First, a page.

We think the sights, sounds, and overall atmosphere of a steel mill are pretty cool. But that would not be surprising, since we are an industry-leading manufacturer of heavy-duty industrial custom machined and heat-treated parts and component assemblies. What might not be so widely known is that we are apparently not alone in our admiration of the industrial steel scene. Did you know that steel mills have been the location of choice for scenes for several popular movies? The following are a few famous films that have capitalized on the special effect of an industrial steel mill as a movie setting. (Information is courtesy of movie-locations.com.)
This controversy sparking Vietnam War film movie is supposed to be taking place in Cleveland, Ohio, and Clairton – a blue collar steel town about ten miles south of Pittsburgh, Pennsylvania. In actuality, the town is a combination of eight separate locations.
The opening steel factory scenes were filmed in the US Steel Central Blast Furnace in Cleveland, though “only after a nervous studio insured its stars to the tune of $5 million – the plant is ominously dubbed the Widowmaker.”
This cinema gem from the late 1980’s is set in a dystopic and crime-infested city of Detroit and features a cyborg law enforcement officer who returns to the city to protect its citizens. Upon his return he is confronted by a deadly challenge in the form of a rogue OCP member who has secretly created a new, evil RoboCop 2.
The old steel mill in ‘Sector 3D’, where Murphy hides out and finally finishes off Boddicker’s crew, was the Duquesne Steel Works located to the southeast of Pittsburgh. Closed down in 1984, the plant was eventually totally demolished.
In yet another cyborg thriller, Terminator, what appears to be an indestructible humanoid cyborg is sent from 2029 to 1984 to assassinate a waitress, whose unborn son will eventually lead humanity in a war against the machines. Fortunately for the targeted server, a soldier from that war is also sent from the future to protect her at all costs.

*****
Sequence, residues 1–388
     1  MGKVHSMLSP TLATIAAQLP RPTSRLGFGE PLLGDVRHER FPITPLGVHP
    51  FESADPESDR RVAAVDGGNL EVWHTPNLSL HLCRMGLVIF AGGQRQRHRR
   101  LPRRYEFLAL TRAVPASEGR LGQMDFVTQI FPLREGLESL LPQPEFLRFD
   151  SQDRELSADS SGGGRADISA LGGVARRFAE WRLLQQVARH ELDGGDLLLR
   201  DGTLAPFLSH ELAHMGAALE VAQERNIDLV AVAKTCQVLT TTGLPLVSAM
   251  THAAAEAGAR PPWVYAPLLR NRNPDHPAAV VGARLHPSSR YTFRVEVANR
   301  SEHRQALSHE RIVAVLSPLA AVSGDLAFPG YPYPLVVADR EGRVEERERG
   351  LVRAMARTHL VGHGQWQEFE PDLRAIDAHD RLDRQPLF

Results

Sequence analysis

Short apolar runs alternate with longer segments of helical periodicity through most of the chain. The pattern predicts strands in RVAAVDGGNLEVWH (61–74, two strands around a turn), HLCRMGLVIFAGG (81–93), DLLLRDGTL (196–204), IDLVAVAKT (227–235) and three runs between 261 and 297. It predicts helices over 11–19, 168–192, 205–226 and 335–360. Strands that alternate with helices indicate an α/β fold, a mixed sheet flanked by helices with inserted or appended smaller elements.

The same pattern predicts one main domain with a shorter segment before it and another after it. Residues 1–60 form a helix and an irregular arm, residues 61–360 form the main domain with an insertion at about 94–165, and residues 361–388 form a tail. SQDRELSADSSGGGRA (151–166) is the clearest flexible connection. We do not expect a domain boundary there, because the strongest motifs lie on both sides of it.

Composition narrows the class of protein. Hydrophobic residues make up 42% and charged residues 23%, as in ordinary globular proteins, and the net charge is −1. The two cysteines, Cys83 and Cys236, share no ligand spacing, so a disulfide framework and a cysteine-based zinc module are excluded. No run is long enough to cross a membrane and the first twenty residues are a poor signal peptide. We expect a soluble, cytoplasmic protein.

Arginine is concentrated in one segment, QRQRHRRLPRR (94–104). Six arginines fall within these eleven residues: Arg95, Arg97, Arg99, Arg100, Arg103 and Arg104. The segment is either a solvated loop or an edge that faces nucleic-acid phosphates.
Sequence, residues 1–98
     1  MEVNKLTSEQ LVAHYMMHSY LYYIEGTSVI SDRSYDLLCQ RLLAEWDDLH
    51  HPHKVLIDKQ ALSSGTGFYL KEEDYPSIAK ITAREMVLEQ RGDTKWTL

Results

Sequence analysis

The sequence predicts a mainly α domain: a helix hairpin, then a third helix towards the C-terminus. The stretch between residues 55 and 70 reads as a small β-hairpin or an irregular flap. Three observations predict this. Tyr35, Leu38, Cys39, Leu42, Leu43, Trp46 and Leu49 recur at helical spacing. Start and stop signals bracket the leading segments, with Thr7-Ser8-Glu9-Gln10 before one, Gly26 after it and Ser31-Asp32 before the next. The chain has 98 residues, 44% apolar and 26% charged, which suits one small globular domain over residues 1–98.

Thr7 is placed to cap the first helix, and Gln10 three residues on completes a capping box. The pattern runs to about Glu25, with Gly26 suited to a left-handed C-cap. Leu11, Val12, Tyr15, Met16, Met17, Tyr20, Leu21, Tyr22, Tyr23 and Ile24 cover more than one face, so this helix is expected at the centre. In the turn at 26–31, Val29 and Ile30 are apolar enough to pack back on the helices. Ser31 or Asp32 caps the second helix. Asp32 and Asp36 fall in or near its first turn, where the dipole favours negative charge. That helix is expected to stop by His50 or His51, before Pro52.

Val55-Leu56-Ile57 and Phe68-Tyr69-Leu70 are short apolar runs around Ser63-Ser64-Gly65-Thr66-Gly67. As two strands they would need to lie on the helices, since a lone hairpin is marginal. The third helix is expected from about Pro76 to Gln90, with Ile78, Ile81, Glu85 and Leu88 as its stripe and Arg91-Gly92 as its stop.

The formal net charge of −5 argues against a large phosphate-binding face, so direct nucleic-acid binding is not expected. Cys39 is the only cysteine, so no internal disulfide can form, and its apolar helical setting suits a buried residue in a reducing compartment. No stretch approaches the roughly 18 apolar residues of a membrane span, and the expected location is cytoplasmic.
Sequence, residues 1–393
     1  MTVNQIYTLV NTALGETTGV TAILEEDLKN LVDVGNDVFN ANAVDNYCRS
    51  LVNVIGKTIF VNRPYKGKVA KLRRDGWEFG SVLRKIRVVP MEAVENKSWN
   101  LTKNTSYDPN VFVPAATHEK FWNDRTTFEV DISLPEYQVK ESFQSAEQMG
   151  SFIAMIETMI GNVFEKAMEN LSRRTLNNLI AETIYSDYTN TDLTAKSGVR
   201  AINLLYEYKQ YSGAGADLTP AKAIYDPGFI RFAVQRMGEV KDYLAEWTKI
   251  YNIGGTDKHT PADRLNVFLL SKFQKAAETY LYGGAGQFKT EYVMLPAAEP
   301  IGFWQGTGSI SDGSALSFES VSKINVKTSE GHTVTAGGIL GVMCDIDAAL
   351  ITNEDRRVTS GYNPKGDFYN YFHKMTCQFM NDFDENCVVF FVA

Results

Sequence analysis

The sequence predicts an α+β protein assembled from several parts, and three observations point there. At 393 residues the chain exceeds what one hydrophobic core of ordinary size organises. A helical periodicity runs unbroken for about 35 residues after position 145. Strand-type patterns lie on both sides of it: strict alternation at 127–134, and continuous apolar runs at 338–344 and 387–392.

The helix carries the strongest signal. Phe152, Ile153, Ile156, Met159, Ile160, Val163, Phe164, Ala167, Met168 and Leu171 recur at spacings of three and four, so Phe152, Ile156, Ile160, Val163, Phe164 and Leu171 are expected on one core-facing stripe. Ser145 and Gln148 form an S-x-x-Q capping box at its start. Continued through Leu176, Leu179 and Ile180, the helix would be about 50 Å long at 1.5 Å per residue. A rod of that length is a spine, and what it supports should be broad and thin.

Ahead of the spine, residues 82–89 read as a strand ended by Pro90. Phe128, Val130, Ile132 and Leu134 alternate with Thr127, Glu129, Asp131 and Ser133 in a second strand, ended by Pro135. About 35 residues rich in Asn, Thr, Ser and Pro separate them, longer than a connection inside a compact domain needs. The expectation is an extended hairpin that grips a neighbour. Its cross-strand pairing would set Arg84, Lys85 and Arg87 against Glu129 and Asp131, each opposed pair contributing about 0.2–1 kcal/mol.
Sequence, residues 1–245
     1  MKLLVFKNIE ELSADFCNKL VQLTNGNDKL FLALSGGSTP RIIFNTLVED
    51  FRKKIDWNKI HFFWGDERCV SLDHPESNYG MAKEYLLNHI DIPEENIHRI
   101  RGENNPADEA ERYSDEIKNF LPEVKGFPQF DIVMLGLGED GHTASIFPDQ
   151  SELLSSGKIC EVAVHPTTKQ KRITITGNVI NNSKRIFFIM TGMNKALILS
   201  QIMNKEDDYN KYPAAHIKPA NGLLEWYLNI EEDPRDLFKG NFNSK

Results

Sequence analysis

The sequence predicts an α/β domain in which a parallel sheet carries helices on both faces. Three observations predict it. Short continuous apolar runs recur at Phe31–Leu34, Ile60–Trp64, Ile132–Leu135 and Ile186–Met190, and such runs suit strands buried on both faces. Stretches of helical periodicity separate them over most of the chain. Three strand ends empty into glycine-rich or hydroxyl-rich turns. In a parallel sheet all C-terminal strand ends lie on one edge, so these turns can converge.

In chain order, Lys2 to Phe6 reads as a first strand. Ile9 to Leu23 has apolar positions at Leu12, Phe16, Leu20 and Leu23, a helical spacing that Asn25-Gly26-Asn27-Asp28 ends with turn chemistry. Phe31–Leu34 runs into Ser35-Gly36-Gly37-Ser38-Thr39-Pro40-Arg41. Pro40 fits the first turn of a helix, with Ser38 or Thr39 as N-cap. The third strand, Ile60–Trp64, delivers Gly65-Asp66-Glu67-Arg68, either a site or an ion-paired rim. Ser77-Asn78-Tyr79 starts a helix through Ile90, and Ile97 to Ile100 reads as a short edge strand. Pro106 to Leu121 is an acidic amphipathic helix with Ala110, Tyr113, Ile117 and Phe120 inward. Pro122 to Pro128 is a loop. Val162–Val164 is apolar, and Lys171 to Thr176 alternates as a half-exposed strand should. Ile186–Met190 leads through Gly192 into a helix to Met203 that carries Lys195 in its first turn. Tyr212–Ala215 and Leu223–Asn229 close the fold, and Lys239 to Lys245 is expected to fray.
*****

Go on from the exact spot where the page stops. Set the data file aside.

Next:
The remains of a demolished Kaiser Steel plant at Fontana, located east of Los Angeles, were used for the opening future war scene in the second movie of the series, Terminator 2. Toward the end of the movie, the action returns to the Fontana site as a nitrogen truck crashes into the steel mill. The evil T-1000 cyborg is temporarily disabled by the nitrogen, but is soon revitalized by a pool of hot liquid steel. The molten metal effect was created by is flowing white paint and illuminated plastic panels, along with showers of sparks.
Today, the Fontana site is home to California Steel Industries, the largest producer of flat-rolled steel in the western United States processing slab into finished steel products including hot-rolled, cold-rolled, and galvanized coil and sheet.
As it turns out, steel mills have a connection to Kevin Bacon, too! The 1984 hit movie Footloose features the classic tale of teenage rebellion livened up with a hit-packed soundtrack and some catchy choreography. In the movie, Kevin Bacon’s character, Ren, is a teen who moves from Chicago to the small Midwestern town of Bomont.
The filming location is in Utah, primarily in the towns of Payson, Provo, Lindon, and Lehi.
Lindon is the location of the now closed Geneva Steel Plant, which is where Ren’s famous solo dance scene is filmed. The flour mill that employs Ren, and where the prom is eventually held, is actually the Lehi Roller Mills, located in Lehi. The Lehi Roller Mills have been there since 1906 and are still operating in full force.
For the last of our featured films, we head back to the SciFi genre to look at the 2009 feature, Transformers: Revenge of the Fallen. This movie is one of a series of action movies inspired by the popular 1980’s line of toys. The concept behind the Transformers toyline is that an individual transformer’s parts can be altered to change it from a vehicle, a device, or an animal, to a robot action figure and back again.
The scene in which the characters Sideways and Demolishor battle and are destroyed was partially filmed in the old Bethlehem Steel site in Bethlehem, about 60 miles north of Philadelphia, Pennsylvania. After its closing, Bethlehem Steel works was redeveloped as SteelStacks, an arts and entertainment district, which incorporates the plant’s five blast furnaces as a dramatic backdrop.
All movie poster images courtesy of www.imdb.com